Culture & Lifestyle
How young videographers are breaking the mouldWith the rise of social media and increase in demand for sleek online videos, young people are taking videography as a full-time profession.
Nishon Shakya wasn’t doing very well in school. While his peers were focused on their academics and had aspirations to pursue traditional career paths, Shakya was less drawn towards his schoolwork and more on his hobby: photography.
Now 21 year old, Shakya has been pursuing videography for the last six years, having worked on many personal as well as commercial projects. Recently, he was the director of photography for the Nepali short film Hide, and is working with Miss Nepal Earth 2019 Riya Basnet for her Miss Earth 2019 ‘Eco video’.
With the rise of social media platforms, many young videographers have emerged in recent years, mostly working on commercial short videos like advertisements for different brands, portfolio videos for celebrities and music videos. Apart from that, videographers are also high on demand during wedding seasons—with the majority of clients preferring high production creative videos. Due to these diverse avenues, many young videographers, mostly in their early 20s, have embraced videography as a full-time profession, which they say has abundant opportunities but is an equally challenging pursuit.
Twenty-one year old Aaditya Shrestha has a very similar story to that of Shakya. He was already pursuing an engineering degree when he decided to drop out of college and pursue videography as a profession.
“I studied engineering because my parents believed it would help me be financially stable in the future, but I had no interest in it,” says Shrestha. “Videography, on the other hand, was something I was passionate about.”
But pursuing videography isn’t just about passion or skill-set—it demands a certain investment like any other business enterprise. To take up videography as a profession, one needs to be equipped with the latest gears and equipment, which can be extremely expensive.
Shrestha had to request his father to lend him money to purchase his first camera. “My dad took a loan of Rs345,000 to help me. The camera then had to be ordered from the US because it costs even more in Nepal,” he says. “But this is necessary because, without the right equipment, it is difficult to be a professional.”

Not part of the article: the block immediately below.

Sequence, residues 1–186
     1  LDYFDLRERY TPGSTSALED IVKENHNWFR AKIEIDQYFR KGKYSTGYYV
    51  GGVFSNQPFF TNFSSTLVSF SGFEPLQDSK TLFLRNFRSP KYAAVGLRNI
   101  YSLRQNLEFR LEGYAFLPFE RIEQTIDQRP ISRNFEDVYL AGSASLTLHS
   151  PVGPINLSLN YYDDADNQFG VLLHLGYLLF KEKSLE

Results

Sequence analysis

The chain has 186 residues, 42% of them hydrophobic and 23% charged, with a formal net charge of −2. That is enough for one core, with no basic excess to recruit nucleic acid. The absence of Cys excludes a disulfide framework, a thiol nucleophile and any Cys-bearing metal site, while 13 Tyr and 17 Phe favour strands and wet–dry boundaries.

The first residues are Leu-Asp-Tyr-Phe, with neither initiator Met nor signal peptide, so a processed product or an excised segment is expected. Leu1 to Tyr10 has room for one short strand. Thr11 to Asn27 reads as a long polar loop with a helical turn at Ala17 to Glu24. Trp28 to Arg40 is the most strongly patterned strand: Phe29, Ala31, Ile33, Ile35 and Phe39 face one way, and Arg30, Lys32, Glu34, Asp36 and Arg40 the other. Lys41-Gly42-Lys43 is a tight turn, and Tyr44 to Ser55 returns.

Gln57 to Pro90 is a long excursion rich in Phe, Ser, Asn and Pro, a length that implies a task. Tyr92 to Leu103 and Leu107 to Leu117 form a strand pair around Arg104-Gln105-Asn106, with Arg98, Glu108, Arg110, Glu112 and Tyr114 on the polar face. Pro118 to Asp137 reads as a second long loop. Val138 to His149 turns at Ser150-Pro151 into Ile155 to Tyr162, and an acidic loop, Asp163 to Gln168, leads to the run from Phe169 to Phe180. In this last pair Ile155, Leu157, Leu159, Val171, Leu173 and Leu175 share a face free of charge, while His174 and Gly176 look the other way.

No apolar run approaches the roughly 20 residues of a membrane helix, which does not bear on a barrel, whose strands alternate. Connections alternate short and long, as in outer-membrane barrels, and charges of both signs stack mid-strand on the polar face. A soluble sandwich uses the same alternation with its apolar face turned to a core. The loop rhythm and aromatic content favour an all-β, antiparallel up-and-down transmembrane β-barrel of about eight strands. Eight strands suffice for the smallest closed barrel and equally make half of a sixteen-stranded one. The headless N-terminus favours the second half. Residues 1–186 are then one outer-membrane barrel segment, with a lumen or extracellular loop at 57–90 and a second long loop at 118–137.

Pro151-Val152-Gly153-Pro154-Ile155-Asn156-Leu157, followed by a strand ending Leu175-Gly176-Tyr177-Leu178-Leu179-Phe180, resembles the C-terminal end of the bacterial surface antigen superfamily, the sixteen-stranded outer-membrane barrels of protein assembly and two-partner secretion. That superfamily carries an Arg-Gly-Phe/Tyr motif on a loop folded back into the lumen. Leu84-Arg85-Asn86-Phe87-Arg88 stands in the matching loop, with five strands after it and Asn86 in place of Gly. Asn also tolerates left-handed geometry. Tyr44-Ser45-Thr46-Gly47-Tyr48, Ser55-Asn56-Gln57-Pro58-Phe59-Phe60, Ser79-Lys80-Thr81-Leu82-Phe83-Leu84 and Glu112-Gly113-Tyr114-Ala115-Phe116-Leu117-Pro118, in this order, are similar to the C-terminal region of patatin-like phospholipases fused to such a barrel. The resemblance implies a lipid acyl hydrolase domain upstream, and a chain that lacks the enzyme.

For both Shakya and Shrestha, however, it was worth the risk. They refused to follow conventional academic and career paths expected of young people in Nepali society, and videography has not only become a medium to express their creativity but to earn a decent living.
“If you are good at what you create, the clients are ready to pay a decent amount,” says Shakya. “There’s also fun, creativity, the process of learning, getting to meet new people, and thankfully because the demand for such creators is increasing in Nepal, videographers are also paid a decent amount of money.”
According to Shrestha, a skilled videographer can expect to have a monthly income of at least Rs15,000-20,000, depending on a videographer’s portfolio, creativity, skill-set and seasonal demands.
But talent and experience alone aren’t enough to guarantee success to artists and creators in Nepal, say some of the young videographers, who say that clients tend to discredit their credibility on the basis of their age and gender.
“I am usually not trusted to handle project budget. But I think age shouldn’t matter, it’s the hard work that should count,” says Diwash Paudel, a 19 year old videographer.
For 22 year old Neesha Khaling, who initially began videography as a hobby, being a female in a male-dominated profession can, at times, be a little intimidating.
“Some people underestimate me because they have the mindset that only men can create good videos,” she says. “I feel like there’s still a long way for us women to be equally numbered as men in this industry, but I believe that we will get there.”
Apart from age and gender issues, one common struggle these young videographers have been facing is the lack of academic education and mentorship from industry veterans. As much as they are reliant on social media platforms like YouTube for disseminating their videos, they learn different techniques of videography through the same platform.
“I was hugely inspired by American filmmaker and vlogger Casey Neistat to take up videography professionally,” says Shrestha.Abin Bho, a 20 year old filmmaker who gained massive popularity after directing Shrinkhala Khatiwada’s Miss Nepal World introduction video, which went viral last year, says that lack of mentors has been the biggest pushback for him.
“We have to teach ourselves by watching tutorials on the internet,” he says. “This can be a good thing, as it encourages videographers to research and learn on their own, but having mentors would definitely help us more.”
But even through these challenges, these young videographers are carving a career for themselves. Since directing Khatiwada’s video, Bho has worked on advertisements for major companies like Buddha Air, and has directed music videos for popular singers, his recent hit being Sushant KC’s single ‘Saathi’. He hopes to create a documentary on the entire history of Nepal in the future.